Lowering Cholesterol a Lot

Recent issues of both The New England Journal of Medicine (May 8) and JAMA (May 14) included clinical trials of the same investigational drug for lowering serum cholesterol levels. Both trials were funded by Amgen. The drug is evolocumab, a fully human monoclonal antibody that reduces serum concentrations of LDL-C by preventing degradation of LDL-C receptors. Many non-statin drugs can reduce LDL-C levels, but doubts about whether LDL-C lowering per se lowers the risk of cardiovascular disease have limited their use. The January, 2014 issue of Treatment Guidelines from The Medical Letter on Drugs for Lipids summarized the situation as follows:

“New guidelines from the American College of Cardiology and American Heart Association no longer recommend using specific cholesterol targets in the treatment of hyperlipidemia. HMG-CoA reductase inhibitors (statins) are the lipid-lowering drugs of first choice for treatment of most patients with atherosclerotic cardiovascular disease. They can decrease the incidence of major coronary events and death in such patients. Taken as an adjunct to diet, exercise, and smoking cessation, statins can also reduce the risk of first cardiovascular events and death in patients with risk factors such as elevated levels of low-density lipoprotein cholesterol (LDL-C) and diabetes. Their benefits in these patients clearly outweigh their adverse effects. Combining a statin with another LDL-C lowering drug, such as colesevelam, niacin, or ezetimibe, can reduce LDL-C levels further than a statin alone, but studies demonstrating that such combinations improve clinical outcomes are lacking.”

All of which, you would think, would discourage pharmaceutical manufacturers from developing any more non-statin lipid-lowering drugs. Studies that attempt to demonstrate improvements in clinical outcomes are difficult and expensive gambles at best. And evolocumab is not a convenient once-a-day pill. It is given subcutaneously every 2-4 weeks. But it lowers LDL-C a ton. In the New England Journal trial, mean reductions in LDL-C after a year of treatment with the antibody varied from 48.5% to 61.6%. In the JAMA study, after only 10 weeks, it reduced LDL-C levels by up to 66%. In one group of patients, mean LDL-C went from about 125 mg/dL to about 45 mg/dL. And all this with <2% side effects, none of them serious. If lowering LDL-C by itself can ever prevent cardiovascular disease, this drug would seem to have about as good a chance of demonstrating that as we are likely to come across.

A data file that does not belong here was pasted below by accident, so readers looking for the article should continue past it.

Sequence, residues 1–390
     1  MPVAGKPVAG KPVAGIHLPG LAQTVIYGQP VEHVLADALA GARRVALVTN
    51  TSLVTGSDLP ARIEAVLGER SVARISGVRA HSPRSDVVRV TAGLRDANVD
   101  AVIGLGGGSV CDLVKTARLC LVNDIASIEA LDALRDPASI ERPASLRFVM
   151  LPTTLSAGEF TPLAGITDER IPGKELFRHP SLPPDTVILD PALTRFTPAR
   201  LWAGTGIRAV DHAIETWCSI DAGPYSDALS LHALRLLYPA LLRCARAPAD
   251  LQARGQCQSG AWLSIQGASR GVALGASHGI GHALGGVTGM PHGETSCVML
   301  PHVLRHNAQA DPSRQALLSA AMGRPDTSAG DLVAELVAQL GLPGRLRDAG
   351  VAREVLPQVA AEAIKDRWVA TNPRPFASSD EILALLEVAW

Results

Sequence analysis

When the FDA approves it, we will review it in The Medical Letter.

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  1. William DeMedio MD says:

    If we had outcomes data for this medication, it would certainly very strongly suggest that it is the actual lowering of LDL-C, and not another effect of 3-HMG CoA reductase inhibitors that causes decreased premature cardiovascular mortality rates with their use. Unfortunately our FDA seems biased in that they are more interested in surrogate effects rather than actual clinical outcomes when it comes to evaluating new medications for approval. The taxpayers deserve more, as although the FDA is funded by their fees from manufacturers, it is the taxpayers who ultimately end up bearing the high expense of new medications that are potentially no better than lower cost, existing ones. It is this inherent conflict of interest within the FDA which really needs to be resolved.

  2. Yes – this new drug has potential to “lower Cholesterol a lot” – but demonstrating that Cholesterol lowering will translate into improve outcome are 2 very different things. Without such demonstration – the jury should be “out” regarding Amgen (which isn’t cheap and isn’t convenient to take). We’ve had enough of surrogate outcome data. Real patient outcome improvement data without causation of significant side effects over time should be required before recommending this agent.

  3. Ben Reiter says:

    I wonder why the FDA would even approve such a drug without outcome studies

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